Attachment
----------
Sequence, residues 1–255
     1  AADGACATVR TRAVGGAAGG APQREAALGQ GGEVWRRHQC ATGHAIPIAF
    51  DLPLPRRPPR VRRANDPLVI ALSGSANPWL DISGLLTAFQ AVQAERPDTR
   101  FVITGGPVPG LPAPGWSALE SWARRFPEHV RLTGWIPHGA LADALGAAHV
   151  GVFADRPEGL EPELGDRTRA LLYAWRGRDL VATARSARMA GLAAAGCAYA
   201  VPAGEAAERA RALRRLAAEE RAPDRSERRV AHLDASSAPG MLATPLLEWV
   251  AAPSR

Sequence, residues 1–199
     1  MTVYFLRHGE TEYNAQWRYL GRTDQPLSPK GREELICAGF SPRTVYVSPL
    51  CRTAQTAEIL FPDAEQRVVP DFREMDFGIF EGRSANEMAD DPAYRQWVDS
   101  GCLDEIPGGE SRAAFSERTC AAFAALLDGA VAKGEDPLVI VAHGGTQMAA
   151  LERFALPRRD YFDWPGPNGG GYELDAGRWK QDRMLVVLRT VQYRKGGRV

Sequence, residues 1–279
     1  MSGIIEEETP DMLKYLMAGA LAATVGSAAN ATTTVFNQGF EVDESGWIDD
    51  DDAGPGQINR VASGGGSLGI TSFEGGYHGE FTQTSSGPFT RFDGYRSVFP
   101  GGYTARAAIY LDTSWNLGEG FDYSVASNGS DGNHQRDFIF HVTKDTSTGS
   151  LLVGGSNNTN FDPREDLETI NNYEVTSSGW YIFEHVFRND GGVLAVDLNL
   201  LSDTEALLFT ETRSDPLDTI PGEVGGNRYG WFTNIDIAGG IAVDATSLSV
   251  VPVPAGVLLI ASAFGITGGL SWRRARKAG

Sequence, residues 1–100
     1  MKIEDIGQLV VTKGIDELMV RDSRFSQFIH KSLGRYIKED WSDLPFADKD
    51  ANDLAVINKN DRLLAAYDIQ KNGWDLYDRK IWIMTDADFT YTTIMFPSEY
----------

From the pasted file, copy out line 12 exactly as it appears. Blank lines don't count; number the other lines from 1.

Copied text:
   151  LERFALPRRD YFDWPGPNGG GYELDAGRWK QDRMLVVLRT VQYRKGGRV